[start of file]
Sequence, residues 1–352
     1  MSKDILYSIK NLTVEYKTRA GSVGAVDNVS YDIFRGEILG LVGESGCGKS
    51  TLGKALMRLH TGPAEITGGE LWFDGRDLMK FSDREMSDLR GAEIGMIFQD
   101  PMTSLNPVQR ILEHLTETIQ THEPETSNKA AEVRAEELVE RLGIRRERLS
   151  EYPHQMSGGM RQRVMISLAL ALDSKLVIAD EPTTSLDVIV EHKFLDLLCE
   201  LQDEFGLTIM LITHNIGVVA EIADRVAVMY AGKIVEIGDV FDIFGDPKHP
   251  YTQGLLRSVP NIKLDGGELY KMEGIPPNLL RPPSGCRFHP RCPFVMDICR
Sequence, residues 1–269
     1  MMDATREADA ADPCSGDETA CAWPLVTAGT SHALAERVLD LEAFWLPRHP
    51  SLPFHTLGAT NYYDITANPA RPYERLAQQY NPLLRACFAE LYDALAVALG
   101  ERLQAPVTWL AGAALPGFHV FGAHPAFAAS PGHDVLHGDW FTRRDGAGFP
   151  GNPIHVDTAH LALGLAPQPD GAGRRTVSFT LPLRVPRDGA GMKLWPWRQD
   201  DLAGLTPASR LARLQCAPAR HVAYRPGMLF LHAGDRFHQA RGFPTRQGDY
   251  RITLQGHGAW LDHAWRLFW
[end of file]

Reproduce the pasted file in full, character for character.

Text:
Sequence, residues 1–352
     1  MSKDILYSIK NLTVEYKTRA GSVGAVDNVS YDIFRGEILG LVGESGCGKS
    51  TLGKALMRLH TGPAEITGGE LWFDGRDLMK FSDREMSDLR GAEIGMIFQD
   101  PMTSLNPVQR ILEHLTETIQ THEPETSNKA AEVRAEELVE RLGIRRERLS
   151  EYPHQMSGGM RQRVMISLAL ALDSKLVIAD EPTTSLDVIV EHKFLDLLCE
   201  LQDEFGLTIM LITHNIGVVA EIADRVAVMY AGKIVEIGDV FDIFGDPKHP
   251  YTQGLLRSVP NIKLDGGELY KMEGIPPNLL RPPSGCRFHP RCPFVMDICR
Sequence, residues 1–269
     1  MMDATREADA ADPCSGDETA CAWPLVTAGT SHALAERVLD LEAFWLPRHP
    51  SLPFHTLGAT NYYDITANPA RPYERLAQQY NPLLRACFAE LYDALAVALG
   101  ERLQAPVTWL AGAALPGFHV FGAHPAFAAS PGHDVLHGDW FTRRDGAGFP
   151  GNPIHVDTAH LALGLAPQPD GAGRRTVSFT LPLRVPRDGA GMKLWPWRQD
   201  DLAGLTPASR LARLQCAPAR HVAYRPGMLF LHAGDRFHQA RGFPTRQGDY
   251  RITLQGHGAW LDHAWRLFW